Monday, December 10, 2007

The function of the Hippocampus

ResearchBlogging.orgIn a 2004 Neuron paper, Howard Eichenbaum describes the function of the hippocampus in terms of three cognitive processes:

"The hippocampus is envisioned as critically involved in the rapid encoding of events as associations among stimulus elements and context, in the encoding of episodes as sequences of events, and in linking episodes by common features into relational networks that support flexible inferential memory expression."
There is mounting evidence for the first of these cognitive functions that the hippocampus performs which is associative representation: the encoding of "...associations among stimuli, actions, and places that compose discreet events." Functional neuroimaging studies have provided some evidence for this, however, they have also shown activation of the surrounding cortical regions - indicating that the cortex is also involved in this process of associating stimuli, albeit (perhaps) in a different manner. There has also been increasing evidence for the role of the hippocampus in learning the context of events. For example, in fear conditioning, it has been found that damage to the hippocampus results in a lack of contextual fear conditioning, without affecting the conditioned response.

The second cognitive function proposed to be mediated by the hippocampus is sequential organisation, which is "...the organisation of an episode as a sequence of events that unfolds over time." This is evidenced by the fact that damage to the hippocampus impairs order memory, bu not recognition memory. Similarly, it has been shown that it is not the relative memory trace strengths which are use to determine temporal order - and it is suggested that sequence learning is "...mediated by declarative and non-declarative strategies involving distinct memory systems, and these forms of representation are independant."

The third cognitive function is the linking of common features of disparate memory episode to create flexible representations. This is the consolidation (abstraction) of common features of different episodes into representations in their own right - the creation of semantic information from episodic memory. Further functional neuroimaging studies have shown that extensive cortical networks are activated in addition to the hippocampus when factual information is acquired. There is however a proposed difference in processing method for the two regions which facilitate this linking process: "...the hippocampus rapidly learns about individual experiences and prevents interference by separating representations of those experiences, whereas the cortex gradually extracts regularities over many experiences." This suggests a uniform underlying representation - although there would be differences based on the manner in which the memories are formed. Furthermore, it has been found that the learning of hierarchical relationships in rats is impaired by hippocampal damage. In summary, the findings suggest that while the cortex can perform complex associations, the hippocampus is required to create linkages between related memories which support inferences.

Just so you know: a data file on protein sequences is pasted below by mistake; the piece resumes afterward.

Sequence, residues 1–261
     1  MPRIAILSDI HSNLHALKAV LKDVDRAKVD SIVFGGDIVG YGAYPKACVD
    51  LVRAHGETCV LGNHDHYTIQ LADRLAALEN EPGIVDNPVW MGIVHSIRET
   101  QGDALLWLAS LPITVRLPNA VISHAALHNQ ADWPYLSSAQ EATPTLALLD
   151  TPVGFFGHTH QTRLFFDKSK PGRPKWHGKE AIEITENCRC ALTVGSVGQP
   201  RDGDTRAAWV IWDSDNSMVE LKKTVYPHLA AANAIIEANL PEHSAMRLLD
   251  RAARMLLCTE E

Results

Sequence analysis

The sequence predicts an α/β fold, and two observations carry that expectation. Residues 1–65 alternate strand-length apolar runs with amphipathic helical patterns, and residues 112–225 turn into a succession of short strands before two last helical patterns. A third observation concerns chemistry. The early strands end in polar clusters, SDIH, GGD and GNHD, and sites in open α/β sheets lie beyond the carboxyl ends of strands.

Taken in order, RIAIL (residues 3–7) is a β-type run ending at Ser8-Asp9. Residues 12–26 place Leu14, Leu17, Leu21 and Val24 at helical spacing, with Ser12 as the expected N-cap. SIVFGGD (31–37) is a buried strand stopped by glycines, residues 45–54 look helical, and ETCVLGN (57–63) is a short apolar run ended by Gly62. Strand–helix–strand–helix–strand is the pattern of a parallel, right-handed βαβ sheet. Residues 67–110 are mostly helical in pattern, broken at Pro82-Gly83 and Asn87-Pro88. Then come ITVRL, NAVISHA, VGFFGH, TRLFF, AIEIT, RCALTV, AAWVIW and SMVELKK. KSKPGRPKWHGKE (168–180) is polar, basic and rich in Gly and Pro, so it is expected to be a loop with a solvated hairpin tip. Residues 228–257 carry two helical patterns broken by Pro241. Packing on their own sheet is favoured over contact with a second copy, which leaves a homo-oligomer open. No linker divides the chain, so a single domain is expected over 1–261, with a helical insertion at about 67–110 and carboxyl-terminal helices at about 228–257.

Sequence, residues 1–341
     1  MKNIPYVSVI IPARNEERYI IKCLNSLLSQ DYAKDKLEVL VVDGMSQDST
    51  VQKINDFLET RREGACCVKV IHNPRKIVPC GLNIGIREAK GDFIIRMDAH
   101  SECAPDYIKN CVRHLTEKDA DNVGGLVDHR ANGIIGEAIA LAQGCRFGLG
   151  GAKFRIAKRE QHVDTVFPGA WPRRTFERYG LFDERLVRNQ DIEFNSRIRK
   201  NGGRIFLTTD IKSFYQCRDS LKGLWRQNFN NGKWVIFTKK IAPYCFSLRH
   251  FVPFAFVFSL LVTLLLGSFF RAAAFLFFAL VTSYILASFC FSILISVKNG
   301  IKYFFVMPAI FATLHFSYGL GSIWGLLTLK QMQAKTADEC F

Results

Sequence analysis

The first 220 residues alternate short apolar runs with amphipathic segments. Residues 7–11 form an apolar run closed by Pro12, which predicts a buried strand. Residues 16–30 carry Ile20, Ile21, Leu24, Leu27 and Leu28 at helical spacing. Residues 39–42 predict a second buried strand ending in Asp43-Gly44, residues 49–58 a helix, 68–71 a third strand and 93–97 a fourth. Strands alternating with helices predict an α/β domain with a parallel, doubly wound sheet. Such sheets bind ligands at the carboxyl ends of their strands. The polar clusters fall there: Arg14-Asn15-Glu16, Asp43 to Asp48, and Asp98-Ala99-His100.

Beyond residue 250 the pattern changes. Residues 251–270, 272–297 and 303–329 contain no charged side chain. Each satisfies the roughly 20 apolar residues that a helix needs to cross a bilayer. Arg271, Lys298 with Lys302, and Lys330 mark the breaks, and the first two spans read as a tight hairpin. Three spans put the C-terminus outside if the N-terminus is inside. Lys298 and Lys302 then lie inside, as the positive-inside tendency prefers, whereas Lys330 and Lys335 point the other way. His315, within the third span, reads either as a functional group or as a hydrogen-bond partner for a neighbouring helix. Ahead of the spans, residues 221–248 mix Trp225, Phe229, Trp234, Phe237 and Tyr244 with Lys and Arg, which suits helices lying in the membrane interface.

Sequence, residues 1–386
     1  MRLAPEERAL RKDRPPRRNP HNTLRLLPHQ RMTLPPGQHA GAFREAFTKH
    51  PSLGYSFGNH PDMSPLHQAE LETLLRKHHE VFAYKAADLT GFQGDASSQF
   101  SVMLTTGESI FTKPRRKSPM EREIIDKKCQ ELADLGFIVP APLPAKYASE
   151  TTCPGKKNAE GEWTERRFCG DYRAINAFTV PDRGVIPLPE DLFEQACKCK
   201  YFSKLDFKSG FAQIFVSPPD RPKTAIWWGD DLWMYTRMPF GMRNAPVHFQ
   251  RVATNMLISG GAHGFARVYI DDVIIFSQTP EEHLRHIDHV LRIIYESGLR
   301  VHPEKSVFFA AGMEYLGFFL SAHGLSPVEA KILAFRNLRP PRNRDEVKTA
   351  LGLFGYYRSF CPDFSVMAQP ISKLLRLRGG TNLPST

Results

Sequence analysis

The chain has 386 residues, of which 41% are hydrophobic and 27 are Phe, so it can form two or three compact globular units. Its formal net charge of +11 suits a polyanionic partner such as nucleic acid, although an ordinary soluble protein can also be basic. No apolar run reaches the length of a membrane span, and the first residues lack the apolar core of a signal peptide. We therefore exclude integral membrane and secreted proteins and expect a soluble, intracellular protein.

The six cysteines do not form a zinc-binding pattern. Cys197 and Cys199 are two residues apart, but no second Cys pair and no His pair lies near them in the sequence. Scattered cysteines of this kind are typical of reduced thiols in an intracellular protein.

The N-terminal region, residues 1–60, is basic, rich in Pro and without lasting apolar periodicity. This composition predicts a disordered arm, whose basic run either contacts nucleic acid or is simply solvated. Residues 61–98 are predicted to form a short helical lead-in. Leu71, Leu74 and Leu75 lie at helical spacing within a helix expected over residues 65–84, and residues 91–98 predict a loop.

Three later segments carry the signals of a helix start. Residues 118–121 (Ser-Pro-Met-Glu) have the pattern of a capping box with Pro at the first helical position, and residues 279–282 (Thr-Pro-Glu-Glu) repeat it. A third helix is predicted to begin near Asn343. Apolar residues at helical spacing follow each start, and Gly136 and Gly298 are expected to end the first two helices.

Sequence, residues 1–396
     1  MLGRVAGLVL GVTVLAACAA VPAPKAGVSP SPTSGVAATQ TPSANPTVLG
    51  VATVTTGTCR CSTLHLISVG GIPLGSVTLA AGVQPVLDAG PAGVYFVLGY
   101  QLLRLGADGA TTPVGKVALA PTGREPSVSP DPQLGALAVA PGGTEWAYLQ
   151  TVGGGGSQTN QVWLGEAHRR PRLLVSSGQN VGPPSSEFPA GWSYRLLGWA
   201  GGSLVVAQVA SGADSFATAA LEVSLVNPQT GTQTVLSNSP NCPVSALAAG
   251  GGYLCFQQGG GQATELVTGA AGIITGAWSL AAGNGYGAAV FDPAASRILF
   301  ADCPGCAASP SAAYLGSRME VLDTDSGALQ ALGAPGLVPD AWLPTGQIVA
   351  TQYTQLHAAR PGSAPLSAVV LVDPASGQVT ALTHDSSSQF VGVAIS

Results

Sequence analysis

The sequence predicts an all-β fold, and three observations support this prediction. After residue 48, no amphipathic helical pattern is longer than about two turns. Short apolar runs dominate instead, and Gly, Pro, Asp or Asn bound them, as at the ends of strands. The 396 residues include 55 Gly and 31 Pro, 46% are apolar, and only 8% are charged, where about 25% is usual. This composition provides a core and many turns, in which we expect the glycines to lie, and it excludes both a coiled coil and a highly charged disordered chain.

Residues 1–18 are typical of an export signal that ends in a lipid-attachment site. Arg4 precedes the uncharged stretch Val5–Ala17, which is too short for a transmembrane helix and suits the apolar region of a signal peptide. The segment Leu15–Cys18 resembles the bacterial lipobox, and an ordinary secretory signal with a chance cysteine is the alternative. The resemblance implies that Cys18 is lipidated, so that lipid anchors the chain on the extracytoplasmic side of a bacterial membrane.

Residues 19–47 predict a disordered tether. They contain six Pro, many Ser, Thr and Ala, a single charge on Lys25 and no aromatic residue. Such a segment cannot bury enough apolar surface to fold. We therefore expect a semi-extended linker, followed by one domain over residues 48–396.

In addition to the funtional neuroimaging and behavioural evidence in support of the proposal of these three cognitive functions, the paper also reviews neural firing pattern support for these proposals, which are presented below by means of quotes of the summarising sentences.

For associative representations:
"...a prevalent property of hippocampal firing patterns involves the representation of unique associations of stimuli, their significance, specific behaviours, and the places where these events occur."
For sequential organisation:
"...the hippocampal network encodes routes through space as a meaningful sequence of events that characterise a particular spatially extended experience."
For relational networking:
"...compelling evidence for the notion that some hippocampal cells represent common features among the various episodes that could serve to link memories obtained in separate experiences."
This paper has reviewed the evidence for the proposal that the hippocampus supports three major cognitive functions. However, with this comes the acknowledgement that numerous cortical regions are also involved in these processes. Perhaps these proposals, taken with a complementary theory of cortical cognitive functioning, may be able to address some more global cognitive issues.

Eichenbaum, H. (2004). Hippocampus: cognitive processes and neural representations that underlie declarative memory. Neuron, 44(-), 109-120.


char said...

love your site-your on my roll. i hope that many psych students take advantage of the wealth of synthesised information you have available.

Paul said...

Thanks for your comment - I'm glad that you have found something of use.

Anonymous said...

It would be helpful if you could inform the reader re: whether Eichenbaum's paper is referring to human or non-human cognition.